She stopped attempt­ing to com­mu­nic­ate with the liv­ing after see­ing how frightened they could be. So she had asked no one to claim her bones, but watch­ing a tele­vi­sion pro­gramme she learned someone had. She didn’t recog­nise the man who spoke for her. He railed against sci­ence, in a way that puzzled Adlais. She had lived in a time with no sci­ence to oppose, but her people had always had a rev­er­ence for wis­dom, which explained the power of the elders.

While the man did not speak her lan­guage, nor shared her beliefs, there was some­thing she did recog­nise, the tone of his voice. It was the speech of a man who knew bey­ond cer­tainty he was right. Nothing else was pos­sible. In his own words, he claimed a piety for nature, though he never explained how piety differed from intolerance.

The more she learned the more she felt dread in her soul. How could he know that her burial, in cursed ground, was a sac­red act? Yes, she was rest­less on the earth but, com­pared to the stupor of the circle, this was bliss. With so much to learn how could someone not be rest­less? In the years since her release she had chased the sun around the globe. She had felt sun­rise as she had gazed in awe at reefs in the Coral Sea. She had seen the reflec­tions of aurorae glim­mer on lakes in Finland and she had watched fiery lava burst from Kilauea.

Despite years to learn lan­guage and cus­toms, Adlais remained an unseen observer. She could only watch the pub­lic inquiry into her fate. The people who had brought her bones to light spoke about how much they had learned. They even offered a paint­ing. Born into a world without mir­rors, Adlais had rarely seen her own face, but she could see a like­ness to her sis­ter in the brush­strokes. For a brief moment she willed the paint­ing to be her own pres­ence in the room, to plead for her freedom.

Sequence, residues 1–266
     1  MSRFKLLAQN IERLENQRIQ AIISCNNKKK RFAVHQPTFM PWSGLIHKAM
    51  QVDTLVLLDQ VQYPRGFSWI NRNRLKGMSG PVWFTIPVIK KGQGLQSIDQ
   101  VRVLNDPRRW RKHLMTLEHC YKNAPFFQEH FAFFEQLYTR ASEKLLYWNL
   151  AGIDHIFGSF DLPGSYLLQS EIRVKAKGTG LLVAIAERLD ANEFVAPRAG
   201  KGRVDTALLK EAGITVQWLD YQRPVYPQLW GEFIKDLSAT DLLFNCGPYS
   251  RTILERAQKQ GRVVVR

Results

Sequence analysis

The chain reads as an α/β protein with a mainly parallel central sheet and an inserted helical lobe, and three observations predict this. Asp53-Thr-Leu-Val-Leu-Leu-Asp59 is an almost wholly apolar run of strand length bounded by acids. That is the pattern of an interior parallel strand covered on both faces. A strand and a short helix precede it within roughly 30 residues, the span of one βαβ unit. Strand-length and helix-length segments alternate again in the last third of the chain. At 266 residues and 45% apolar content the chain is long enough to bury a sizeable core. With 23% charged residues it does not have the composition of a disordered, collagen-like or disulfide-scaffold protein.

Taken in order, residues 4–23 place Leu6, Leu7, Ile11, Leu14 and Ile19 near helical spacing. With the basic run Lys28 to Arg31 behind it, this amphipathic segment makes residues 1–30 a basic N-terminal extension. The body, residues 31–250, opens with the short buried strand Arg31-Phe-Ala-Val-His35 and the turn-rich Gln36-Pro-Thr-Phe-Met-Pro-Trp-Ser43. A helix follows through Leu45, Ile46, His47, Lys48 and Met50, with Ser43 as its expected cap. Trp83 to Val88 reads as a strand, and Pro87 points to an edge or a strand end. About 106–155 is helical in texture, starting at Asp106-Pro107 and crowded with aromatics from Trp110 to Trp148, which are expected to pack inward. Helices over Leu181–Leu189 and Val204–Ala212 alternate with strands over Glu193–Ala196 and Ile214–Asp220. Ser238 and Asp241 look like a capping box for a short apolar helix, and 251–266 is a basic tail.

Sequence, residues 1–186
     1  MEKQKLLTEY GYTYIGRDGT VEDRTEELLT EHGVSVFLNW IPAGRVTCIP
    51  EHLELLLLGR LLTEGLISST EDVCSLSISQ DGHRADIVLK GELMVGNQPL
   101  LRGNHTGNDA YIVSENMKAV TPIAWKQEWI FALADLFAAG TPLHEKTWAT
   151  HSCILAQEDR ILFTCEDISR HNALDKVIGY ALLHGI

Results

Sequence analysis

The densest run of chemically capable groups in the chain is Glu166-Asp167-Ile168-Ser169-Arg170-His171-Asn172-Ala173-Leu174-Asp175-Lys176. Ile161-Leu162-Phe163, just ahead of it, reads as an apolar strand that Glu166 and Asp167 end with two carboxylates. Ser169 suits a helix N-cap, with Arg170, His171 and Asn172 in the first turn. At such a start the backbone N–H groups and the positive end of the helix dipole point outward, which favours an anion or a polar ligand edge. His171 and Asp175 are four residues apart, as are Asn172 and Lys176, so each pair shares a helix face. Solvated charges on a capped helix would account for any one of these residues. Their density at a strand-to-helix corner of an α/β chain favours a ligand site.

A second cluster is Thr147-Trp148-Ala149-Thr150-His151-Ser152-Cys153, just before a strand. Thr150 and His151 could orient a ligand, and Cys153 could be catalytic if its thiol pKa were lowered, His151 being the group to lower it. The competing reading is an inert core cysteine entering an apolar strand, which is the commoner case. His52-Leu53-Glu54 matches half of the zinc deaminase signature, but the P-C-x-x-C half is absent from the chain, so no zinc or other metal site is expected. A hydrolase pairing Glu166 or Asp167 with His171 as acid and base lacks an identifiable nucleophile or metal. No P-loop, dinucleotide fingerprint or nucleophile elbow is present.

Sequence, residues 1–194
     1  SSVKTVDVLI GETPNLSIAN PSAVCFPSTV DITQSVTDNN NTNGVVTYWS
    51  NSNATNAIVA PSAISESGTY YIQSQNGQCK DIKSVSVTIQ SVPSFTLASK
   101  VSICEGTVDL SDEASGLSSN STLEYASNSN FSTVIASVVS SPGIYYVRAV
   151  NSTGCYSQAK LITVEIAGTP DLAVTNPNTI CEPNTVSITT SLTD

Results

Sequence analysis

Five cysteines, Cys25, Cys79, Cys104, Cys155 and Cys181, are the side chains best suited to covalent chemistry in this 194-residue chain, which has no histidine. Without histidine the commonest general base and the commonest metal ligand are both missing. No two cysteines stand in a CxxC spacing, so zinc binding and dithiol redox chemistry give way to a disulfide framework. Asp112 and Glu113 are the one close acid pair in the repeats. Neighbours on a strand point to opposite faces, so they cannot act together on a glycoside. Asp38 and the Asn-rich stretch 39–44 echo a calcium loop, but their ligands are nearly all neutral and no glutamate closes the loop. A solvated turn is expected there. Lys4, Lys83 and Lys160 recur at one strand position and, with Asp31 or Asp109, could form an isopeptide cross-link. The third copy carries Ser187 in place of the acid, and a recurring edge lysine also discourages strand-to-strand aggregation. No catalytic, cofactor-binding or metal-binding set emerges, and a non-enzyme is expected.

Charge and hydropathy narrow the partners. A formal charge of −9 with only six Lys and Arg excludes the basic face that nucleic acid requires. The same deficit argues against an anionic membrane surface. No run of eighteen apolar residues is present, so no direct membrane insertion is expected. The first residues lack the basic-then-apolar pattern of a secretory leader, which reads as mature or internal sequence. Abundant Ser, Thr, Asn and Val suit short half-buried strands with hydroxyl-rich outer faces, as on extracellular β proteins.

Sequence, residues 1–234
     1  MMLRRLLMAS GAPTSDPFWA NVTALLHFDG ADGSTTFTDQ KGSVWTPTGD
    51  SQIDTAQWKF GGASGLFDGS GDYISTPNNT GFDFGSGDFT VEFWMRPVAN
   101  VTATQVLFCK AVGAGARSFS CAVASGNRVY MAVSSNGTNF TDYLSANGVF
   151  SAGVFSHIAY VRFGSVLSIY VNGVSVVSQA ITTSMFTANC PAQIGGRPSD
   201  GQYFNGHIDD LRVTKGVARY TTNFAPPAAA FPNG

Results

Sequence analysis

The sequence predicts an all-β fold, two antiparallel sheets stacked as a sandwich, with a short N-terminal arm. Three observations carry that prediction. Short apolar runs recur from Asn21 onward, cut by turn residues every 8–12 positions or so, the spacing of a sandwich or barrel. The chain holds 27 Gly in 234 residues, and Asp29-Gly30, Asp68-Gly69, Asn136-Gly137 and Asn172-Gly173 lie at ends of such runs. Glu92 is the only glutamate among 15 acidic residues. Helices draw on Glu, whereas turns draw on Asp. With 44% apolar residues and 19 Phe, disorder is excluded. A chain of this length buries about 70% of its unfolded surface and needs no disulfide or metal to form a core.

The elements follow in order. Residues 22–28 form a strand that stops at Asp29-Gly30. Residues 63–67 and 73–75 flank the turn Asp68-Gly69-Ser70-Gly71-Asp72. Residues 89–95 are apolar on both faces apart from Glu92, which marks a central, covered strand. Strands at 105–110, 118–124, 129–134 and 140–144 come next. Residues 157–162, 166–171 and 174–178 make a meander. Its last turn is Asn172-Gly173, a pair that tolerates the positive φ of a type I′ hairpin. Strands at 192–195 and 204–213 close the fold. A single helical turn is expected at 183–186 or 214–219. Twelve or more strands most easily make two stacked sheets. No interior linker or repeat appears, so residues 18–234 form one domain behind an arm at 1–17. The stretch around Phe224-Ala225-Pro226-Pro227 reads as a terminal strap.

The other side offered no such joy. Simply the cer­tainty that they were right. While they had been unaware of her exist­ence before excav­a­tion, they were emphatic that her removal had left them in pain. They spoke of the beliefs of people in other lands at other times, and claimed them as hers. They deman­ded respect, but offered none to their oppon­ents, labelling them crude grave-robbers.

After win­ning the argu­ment the priests pushed on for rapid reburial. Each day Adlais remained out­side the circle was a day of anguish, they claimed. In a way they were right. Once again Adlais could see a grave open­ing up in front of her. Once again she was power­less to speak in her defence.

The final day she tried with all her will to remain out­side the circle, but as soon as her bones crossed the bound­ary she was imprisoned. She was laid in the place she had tem­por­ar­ily escaped. Again the men chose to speak for her. They assigned her beliefs that she had never held and would never choose. Ultimately she coun­ted for noth­ing but the power of the priests. As sun­set came, the priests scattered soil over her bones. She could feel her senses fail­ing. The dying embers of the sun caught the fea­tures of head priest who was watch­ing her silently. Maybe it was des­pair, maybe it was simply an echo car­ried in the genes across uncoun­ted cen­tur­ies, but briefly she looked into the eyes of the priest who had con­demned her so long ago.


When he's not tired, fixing his car or caught in train delays, Alun Salt works part-time for the Annals of Botany weblog. His PhD was in ancient science at the University of Leicester, but he doesn't know Richard III.